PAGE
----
What is a Transition Homestead?

A loosely woven movement is emerging. Within it are homesteaders, gardeners, and urban farmers. We are gaining in numbers in response to a society filled with overconsumption and imbalance.

My family uses the label of transition homesteading to describe how we live. We are sharing our story of how we came to accept that we needed to start living solutions to the problems we saw on the world.  Similar to people who live in transition towns we have dedicated our home in our lifestyle choices to transitioning to life of less.

One of the major differences between us and others who are part of the movement, we started to transition where we were already living, in the suburbs…

Even though we fell in love with the idea of buying acreage off in the woods somewhere, every time we explored the option in earnest we knew it wasn’t the path for us.  This was partly due to the fact we were passionate about becoming debt-free, but it was also to prove it could be done wherever you find yourself.  As the world experiences the pinch of a contracting economy and resources become more scarce, not everyone will be able to just move into the woods somewhere.  Inspired by the works have David Holmgren and the Dervaes family we wanted to determine if our household could be retrofitted in the suburbs to be self sufficient.  And if our household could, we wanted to discover how our entire neighborhood be transformed into a self-sufficient village?

As we started to live our journey three key principles revealed themselves in which a self-sufficient village could be built. The three principles are:

*  Sustainable food production
*  Relocalization of the economy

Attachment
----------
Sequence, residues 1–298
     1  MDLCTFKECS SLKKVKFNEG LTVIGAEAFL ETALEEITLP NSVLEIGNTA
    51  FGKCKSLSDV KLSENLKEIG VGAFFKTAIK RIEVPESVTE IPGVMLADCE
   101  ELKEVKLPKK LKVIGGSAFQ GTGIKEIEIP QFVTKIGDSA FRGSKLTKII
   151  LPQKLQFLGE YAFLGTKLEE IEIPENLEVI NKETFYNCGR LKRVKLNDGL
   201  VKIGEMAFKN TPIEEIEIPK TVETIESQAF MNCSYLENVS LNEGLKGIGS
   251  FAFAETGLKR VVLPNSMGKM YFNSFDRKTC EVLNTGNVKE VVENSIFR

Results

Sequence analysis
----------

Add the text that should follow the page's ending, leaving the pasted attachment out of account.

*  Neighborhood community building

Chicken Concierges

This year my husband wanted to expand our chicken operation.  Unfortunately, we are only allowed to have four adult female fowl in our city.  Our solution is we have become chicken concierges.   No, we don’t really call ourselves that 😉

There are people in our neighborhood that are interested in raising chickens but cautious about going it alone.  For those we set up the coop, provide the chickens, and even make daily visits to feed and water the chickens.  Neighbors love getting their half of the farm fresh eggs that were harvested from their own backyard.

Chicken 3

Why do we do it?

The more homes in our neighborhood that have gardens, orchards, chickens, bunnies, and beehives the more resilient our entire neighborhood becomes.  It also normalizes homesteading activities for not only the house we have the chickens at, but for all their neighbors too.  As we are out and about taking care of these chickens we have the opportunity to chat with neighbors and share our passion.  Perhaps next, we will start offering to manage rabbit hutches for our neighbors too.